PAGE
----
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Truth and Reality

Right to privacy for private schoolsJustice S.S. Sodhi (AP)

Do unaided private schools in Chandigarh have the right to maintain their privacy or not? This issue is arising in the context of an order passed by this union territory, in which the administration has asked private schools to put their financial statements on the website, so that students and parents can see, in other words, it should be public. . All this is despite the fact that the school management every year provides income-expenditure and budget-related accounts to the departments concerned.

With the fear that the private educational institution may face unnecessary inconvenience for uploading the financial accounts on the website and may be unnecessarily harassed by the parents and other elements, thereby creating hurdles in the smooth management of the school , private schools took the said matter to the High Court.

The Division Bench in case no. CW 7706 (2020), which went between the Independent Schools Association, Chandigarh v. Government of India, in its judgment dated May 28, upheld the order of the Chandigarh Administration to allow private schools to put their financial information on their website. It said, ‘After complaints of schools making undue profits from parents, the administration had to order the uploading of details of income and expenditure.’ It further said that ‘neither the state governments nor the officers of the concerned department are doing business of schools. We take an in-depth look at the accounting reports prepared by Chartered Accountants, so if private educational institutions will make this information available on their website, it will create transparency and it will help in ensuring the fulfillment of the objective that no institution will be free from undue profiteering and admission fees etc. Not recovering There is no doubt that many private schools indulge in collecting admission fees every year and making unnecessary profits. Since the financial statements presented by the institutions are prepared by professional experts, the concerned government official cannot be expected to find the truth hidden in these cleverly.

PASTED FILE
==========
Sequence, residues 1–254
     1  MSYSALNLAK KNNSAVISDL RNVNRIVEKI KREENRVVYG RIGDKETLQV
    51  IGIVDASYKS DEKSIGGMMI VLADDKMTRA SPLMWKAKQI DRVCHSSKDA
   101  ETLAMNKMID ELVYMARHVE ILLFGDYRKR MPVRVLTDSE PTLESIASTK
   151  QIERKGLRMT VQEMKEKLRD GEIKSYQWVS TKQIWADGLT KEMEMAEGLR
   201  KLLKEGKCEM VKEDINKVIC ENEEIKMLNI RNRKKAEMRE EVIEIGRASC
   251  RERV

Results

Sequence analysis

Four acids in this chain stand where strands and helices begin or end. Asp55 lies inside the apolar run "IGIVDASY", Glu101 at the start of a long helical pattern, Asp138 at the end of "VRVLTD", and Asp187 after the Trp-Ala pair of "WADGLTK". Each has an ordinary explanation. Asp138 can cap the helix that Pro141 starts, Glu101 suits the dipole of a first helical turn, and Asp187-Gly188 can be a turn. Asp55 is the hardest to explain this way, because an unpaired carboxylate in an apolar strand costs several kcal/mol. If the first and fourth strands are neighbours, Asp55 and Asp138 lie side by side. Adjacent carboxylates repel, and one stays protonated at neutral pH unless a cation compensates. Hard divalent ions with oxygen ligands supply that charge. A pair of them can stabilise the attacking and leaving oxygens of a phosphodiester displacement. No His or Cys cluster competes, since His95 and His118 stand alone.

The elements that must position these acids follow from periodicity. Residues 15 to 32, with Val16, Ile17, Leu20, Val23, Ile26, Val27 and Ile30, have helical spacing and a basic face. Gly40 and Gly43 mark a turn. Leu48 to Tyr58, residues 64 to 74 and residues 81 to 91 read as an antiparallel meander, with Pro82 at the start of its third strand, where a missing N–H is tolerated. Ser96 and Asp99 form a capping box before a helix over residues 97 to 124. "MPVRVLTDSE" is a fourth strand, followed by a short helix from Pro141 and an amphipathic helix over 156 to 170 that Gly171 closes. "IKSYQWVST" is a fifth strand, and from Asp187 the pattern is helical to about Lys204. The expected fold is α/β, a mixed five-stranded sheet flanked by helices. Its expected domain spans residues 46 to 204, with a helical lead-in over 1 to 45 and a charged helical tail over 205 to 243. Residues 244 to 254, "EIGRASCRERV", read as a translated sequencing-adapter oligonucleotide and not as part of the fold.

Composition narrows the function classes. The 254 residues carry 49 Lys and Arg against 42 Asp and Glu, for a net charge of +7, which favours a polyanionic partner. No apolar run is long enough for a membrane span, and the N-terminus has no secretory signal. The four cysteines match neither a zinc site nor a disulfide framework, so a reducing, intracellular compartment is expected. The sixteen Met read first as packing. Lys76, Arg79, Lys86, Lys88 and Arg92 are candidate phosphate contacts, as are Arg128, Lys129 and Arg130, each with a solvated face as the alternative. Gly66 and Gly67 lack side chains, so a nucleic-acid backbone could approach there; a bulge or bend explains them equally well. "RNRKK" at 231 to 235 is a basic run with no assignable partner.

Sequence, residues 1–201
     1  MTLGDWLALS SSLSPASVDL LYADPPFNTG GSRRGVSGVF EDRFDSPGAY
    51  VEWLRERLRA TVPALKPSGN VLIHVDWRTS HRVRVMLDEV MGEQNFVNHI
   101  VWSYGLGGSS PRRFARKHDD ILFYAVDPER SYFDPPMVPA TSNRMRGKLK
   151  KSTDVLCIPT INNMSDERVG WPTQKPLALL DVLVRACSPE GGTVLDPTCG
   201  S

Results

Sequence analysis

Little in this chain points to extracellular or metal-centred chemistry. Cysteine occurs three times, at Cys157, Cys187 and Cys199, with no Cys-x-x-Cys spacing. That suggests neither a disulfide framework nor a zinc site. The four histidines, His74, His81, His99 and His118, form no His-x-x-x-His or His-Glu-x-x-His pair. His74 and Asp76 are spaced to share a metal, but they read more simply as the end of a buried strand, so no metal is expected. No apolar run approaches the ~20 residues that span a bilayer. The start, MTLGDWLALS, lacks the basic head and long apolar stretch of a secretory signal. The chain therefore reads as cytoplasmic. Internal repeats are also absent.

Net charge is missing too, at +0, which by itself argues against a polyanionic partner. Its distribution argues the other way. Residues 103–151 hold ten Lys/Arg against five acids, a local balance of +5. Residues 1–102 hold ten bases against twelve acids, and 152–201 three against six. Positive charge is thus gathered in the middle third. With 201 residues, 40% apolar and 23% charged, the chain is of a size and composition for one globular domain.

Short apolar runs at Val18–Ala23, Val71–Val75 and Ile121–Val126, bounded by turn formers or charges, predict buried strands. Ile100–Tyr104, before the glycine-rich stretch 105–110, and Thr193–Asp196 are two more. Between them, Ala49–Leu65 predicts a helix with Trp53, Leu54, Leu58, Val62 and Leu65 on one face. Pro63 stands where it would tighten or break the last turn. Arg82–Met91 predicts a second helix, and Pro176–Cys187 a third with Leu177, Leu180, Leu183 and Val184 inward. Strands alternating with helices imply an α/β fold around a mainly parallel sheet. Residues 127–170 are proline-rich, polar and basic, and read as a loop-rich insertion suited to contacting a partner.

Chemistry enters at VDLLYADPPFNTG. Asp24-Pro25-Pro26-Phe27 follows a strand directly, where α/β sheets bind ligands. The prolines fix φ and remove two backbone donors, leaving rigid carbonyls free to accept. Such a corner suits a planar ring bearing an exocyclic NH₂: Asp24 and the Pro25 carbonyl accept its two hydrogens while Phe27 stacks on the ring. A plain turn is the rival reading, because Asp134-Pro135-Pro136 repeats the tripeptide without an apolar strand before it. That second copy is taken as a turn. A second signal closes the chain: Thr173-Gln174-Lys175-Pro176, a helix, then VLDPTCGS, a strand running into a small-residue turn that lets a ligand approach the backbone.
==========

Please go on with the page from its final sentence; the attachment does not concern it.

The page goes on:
The order further says ‘If the financial details of the institutions are uploaded on the website, then the parents of the students will also be able to see the same. There will probably be many parents who have expertise in the field of accounting, and they can investigate and help the administration to ensure that no educational institution or school gets undue profits or admission fees.
It is pertinent to note that how the court accepted that the officials of the government department were not able to ascertain the facts after thoroughly scrutinizing the financial statements prepared by the business experts of private schools. With respect I would like to say that this argument cannot be said to be laudable. How can it be assumed in advance that they are not so capable? Of course, departments do not ask for such details only to fill their offices. If a school is asking for more admission fees or other unofficial money, then it is expected from the concerned department that they are capable enough to catch the hidden trick and take appropriate action.